Although enhancement of amyloidogenic proteolytic processing of APP is considered crucial to AD pathogenesis, several reports indicate that defects in autophagy and the endolysosomal pathway of protein degradation are also critical (5–7). Autophagy can proceed via 3 mechanistically distinct pathways: macroautophagy, microautophagy, and chaperone-mediated autophagy (8). Macroautophagy deficiency in mice brain results in neurodegeneration and is characterized by accumulation of ubiquitylated-protein aggregates (9), highlighting the importance of this pathway in neuronal homeostasis. Central to macroautophagy is the existence of transitory organelles called autophagosomes. Formation of autophagosomes occurs constitutively under normal nutrient conditions (9, 10), but it is highly inducible by cellular stress, such as amino acid starvation and inhibition of the key cell regulator mammalian target of rapamycin (mTOR) (11). Autophagosomes sequester cytoplasmic constituents and fuse with lysosomes to form autolysosomes, promoting degradation of sequestered content to recycle macromolecules, a process known as autophagic flux (12). Ultrastructural studies of the brain of postmortem AD patients revealed that autophagic organelles including autophagosomes and autophagolysosomes gradually accumulate in dystrophic neurites, a neuropathologic hallmark of AD, having important implications in AÎ² peptide generation and neuronal survival in later stages of AD (13, 14). Although these findings explain the lower rates of protein degradation in AD neurons, it is still under study how to manipulate these pathways to increase protein clearance in neurons (15, 16).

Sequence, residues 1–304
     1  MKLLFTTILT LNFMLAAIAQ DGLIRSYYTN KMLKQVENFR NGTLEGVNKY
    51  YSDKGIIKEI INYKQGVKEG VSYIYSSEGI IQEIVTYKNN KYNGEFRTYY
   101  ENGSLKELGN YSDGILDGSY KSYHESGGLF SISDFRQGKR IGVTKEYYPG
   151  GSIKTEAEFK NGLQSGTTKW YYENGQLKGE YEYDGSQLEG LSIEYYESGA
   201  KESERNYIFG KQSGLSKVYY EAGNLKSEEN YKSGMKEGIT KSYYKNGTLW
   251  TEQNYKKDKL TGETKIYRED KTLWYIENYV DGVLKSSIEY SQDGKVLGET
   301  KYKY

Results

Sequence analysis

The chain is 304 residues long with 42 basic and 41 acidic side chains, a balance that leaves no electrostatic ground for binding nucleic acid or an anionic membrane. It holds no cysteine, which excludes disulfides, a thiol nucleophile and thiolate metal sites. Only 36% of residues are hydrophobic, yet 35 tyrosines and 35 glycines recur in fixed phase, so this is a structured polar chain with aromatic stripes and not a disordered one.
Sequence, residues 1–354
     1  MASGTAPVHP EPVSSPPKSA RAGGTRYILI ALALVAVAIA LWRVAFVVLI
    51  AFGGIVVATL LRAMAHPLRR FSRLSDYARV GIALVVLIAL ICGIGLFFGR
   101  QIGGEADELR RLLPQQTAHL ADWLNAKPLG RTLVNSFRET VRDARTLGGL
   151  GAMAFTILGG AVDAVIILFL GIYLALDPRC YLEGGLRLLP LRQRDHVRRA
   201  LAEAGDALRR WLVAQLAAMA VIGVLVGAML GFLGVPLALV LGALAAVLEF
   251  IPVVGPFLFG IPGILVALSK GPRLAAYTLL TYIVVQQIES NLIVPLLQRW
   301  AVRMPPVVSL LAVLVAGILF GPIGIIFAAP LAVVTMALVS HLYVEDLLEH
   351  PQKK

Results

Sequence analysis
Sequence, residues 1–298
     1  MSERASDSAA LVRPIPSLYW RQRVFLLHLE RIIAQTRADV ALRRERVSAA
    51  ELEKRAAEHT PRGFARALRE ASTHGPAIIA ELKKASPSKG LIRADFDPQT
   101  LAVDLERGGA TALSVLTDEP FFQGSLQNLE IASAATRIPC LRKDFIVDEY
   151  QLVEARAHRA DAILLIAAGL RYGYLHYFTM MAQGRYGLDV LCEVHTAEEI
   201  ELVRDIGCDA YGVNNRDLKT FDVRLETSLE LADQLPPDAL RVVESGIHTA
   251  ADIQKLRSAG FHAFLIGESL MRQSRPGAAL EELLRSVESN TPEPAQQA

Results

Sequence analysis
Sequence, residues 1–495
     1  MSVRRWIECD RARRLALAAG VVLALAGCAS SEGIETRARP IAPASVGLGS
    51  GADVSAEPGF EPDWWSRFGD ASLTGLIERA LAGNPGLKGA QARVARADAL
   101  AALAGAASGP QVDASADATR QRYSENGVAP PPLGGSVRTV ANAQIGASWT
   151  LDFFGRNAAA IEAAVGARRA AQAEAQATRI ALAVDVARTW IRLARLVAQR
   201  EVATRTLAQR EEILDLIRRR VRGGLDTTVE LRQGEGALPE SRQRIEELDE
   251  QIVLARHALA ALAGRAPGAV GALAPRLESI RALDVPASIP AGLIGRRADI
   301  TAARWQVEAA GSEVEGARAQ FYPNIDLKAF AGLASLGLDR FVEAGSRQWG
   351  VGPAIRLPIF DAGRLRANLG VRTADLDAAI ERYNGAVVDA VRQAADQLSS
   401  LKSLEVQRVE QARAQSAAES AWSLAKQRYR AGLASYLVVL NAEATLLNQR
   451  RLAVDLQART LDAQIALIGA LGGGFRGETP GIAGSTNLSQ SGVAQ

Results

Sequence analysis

Autophagosomes can also fuse to prelysosomal endocytic organelles, such as late endosomes, also called multivesicular bodies (MVBs). Fusion of autophagosomes to MVBs generates a hybrid organelle called the amphisome, which ultimately also fuses to lysosomes (17, 18). Biogenesis of MVBs involves the formation of intraluminal vesicles (ILVs), which requires the activity of the 4 multisubunit endosome-sorting complexes required for transport (ESCRTs 0 to III), collectively called the ESCRT machinery (19, 20). Macroautophagy is abrogated in cells depleted of ESCRT subunits (21, 22), indicating a close interaction between these 2 pathways (10, 23).
Intracellular trafficking of APP includes its targeting to endolysosomal membranes, either from the trans-Golgi network sorted by the AP-4 adaptor complex (24, 25) or from the plasma membrane by endocytosis (26, 27). Several studies have demonstrated that APP is normally incorporated into the ILVs of MVBs in a process dependent on the ESCRT machinery (26, 28, 29). However, it is still under debate if the MVB pathway prevents amyloidogenic processing of APP (28, 29) or increases AÎ² production (26). Moreover, it is not clear how the ESCRT machinery affects both APP processing and CTF levels, and whether its effects are a consequence of ILV formation or via autophagic flux (21, 22, 30). Positive regulators of macroautophagy, such as SMER28 (31) and the transcription factor EB (32), reduce the levels of APP and its CTFs. However, the mechanism that explains how autophagosomes impact the turnover of APP and its CTFs remains unknown.
In the present study, we found that inhibition of either autophagosome formation or the fusion of autophagosomes with endolysosomal compartments caused a dramatic increase in CTF levels. Surprisingly, microscopy revealed that these CTFs accumulated in structures resembling ILVs of MVBs. In agreement with these findings, we found that activation of autophagosome formation, either by starvation or treatment with the mTOR inhibitor Torin-1, enhanced C99 lysosomal clearance. Therefore, we propose that autophagosomes are key organelles that connect with the MVB/lysosomal pathway for efficient turnover of CTFs.